Museums have long been viewed as exclusive, excluding, and as antiseptic to intimacy. Yet the intrusion of humanized experiences into museum spaces has revised this historical vision in the past few decades. Professional organizations such as the American Alliance of Museums have called upon their members to reconceive museums as community cornerstones and promoters of physical and emotional well–being. Museum experiences – cultivated by curators, educators, artists, activists and marketers alike – have come into sharp focus as the reason for being for these communal spaces. The once silent, hallowed spaces have come alive with the boisterous sounds of school children, the laughter and jovial conversation across groups of elders, the sounds of music, community art–making, and communal assembly.
The eleven essays and centerpiece interview that make up this volume examine the kinds of human experiences and interactions that have converted the once unapproachable museum to a space of enlivenment and enrichment; experiences, furthermore, that take place most constructively and even transformatively in a museum context. All of the contributors to this collection bring experiential models to life in their essays: models of education, of sensory engagement, of celebrating cultural history, of confronting the past as a vehicle for changing the present and envisioning a different future, and of bridging the divides that were only deepened by the onset of the COVID-19 pandemic beginning in 2020.
A range of answers to this question lies within each and every chapter of this book. Several contributors provide answers that are particularly direct and powerful.
Reflecting on the college museum that hosted the innovative learning and teaching experiences that educator Garreth Heidt describes in his essay, he assesses the museum’s role in this way:
the…museum saw itself as more than a repository for valuable artifacts where the learning was unidirectional, from object to person…. Instead, it saw itself as part of a dialogue, a space where ‘knowing was doing,’ where learning was relational, embodied, and alive…a space for participatory experiences where students encountered artwork and in doing so, encountered themselves.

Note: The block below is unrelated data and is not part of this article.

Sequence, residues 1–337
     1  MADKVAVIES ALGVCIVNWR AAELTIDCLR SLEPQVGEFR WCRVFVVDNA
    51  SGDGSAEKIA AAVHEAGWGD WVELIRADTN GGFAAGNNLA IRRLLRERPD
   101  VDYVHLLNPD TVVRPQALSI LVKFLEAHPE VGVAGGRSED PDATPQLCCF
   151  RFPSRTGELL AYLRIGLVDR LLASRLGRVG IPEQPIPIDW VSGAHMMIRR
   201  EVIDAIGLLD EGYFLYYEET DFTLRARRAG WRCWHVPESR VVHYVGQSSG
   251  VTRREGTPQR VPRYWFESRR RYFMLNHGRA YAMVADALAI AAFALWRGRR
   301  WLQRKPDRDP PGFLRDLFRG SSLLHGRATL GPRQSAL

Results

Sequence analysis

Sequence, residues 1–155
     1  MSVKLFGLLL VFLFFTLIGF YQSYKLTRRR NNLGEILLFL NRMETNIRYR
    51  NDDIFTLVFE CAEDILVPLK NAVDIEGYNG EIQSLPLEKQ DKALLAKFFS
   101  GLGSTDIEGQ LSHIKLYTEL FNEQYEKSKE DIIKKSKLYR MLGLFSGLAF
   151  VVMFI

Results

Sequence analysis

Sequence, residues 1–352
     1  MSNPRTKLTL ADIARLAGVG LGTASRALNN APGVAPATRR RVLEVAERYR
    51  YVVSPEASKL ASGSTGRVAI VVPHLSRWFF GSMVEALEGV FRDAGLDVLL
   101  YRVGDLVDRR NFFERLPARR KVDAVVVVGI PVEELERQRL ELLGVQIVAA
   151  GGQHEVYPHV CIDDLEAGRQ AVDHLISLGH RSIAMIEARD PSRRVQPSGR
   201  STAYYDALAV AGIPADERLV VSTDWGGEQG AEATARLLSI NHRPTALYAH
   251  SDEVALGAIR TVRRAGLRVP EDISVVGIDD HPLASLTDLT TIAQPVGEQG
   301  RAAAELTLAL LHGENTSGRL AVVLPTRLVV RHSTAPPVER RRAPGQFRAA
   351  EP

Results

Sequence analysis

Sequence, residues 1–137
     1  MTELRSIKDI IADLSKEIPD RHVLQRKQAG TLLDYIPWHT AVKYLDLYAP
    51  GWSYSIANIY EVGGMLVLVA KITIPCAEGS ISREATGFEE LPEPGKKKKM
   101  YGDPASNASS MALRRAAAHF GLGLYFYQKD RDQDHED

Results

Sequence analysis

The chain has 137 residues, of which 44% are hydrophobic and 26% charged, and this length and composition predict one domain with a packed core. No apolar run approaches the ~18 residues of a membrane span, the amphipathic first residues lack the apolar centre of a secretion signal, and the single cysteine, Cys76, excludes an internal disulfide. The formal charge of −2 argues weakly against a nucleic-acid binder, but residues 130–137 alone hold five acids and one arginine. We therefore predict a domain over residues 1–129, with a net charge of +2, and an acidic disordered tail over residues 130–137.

Envisioning the museum as a sanctuary of sorts for people living with dementia and their care partners, Jessica Kay Ruhle, museum educator and director, views it through a lens of social justice and equity: “when museums prioritise this audience and offer opportunities for appropriate engagement and participation [read experience], the institutions make a public statement about the societal value of older adults and individuals with cognitive differences.”
And attorney Bryan Stevenson, founder of the Equal Justice Initiative, The Legacy Museum, and the National Memorial for Peace and Justice, when asked to reflect on why museums should prioritise their roles as creators and conveyors of experience, responds
When you live through something, when you experience something, it just has a reality that it can’t have when it’s imagined. I am much better prepared for the moment that I am in because I’ve been surrounded by people who have taught me really important things about struggle, …about being honest, …about perseverance, …about resilience. They’ve shown it to me and that experience has become really powerful as a form of modeling. And so if we can create museums that provide experiences that model things for people, that help them live, help them navigate complexity, help them overcome, help them get past trauma and struggle, then I can think of nothing more important we can do.
It is my hope as editor of this volume that our readers will engage with this collection of essays as one set of models intended to inspire rethought responses to this moment and the many unpredictable moments to come: models of outside–the–box teaching and learning, purposeful and persistent acts of inclusion, of restoration, of empathy, of community building, and of caring. We are just at the start of this conversation, and there are many more voices in many more places around the world from listening to which we can all benefit. All rooted in experience. And all within (or without) museum walls.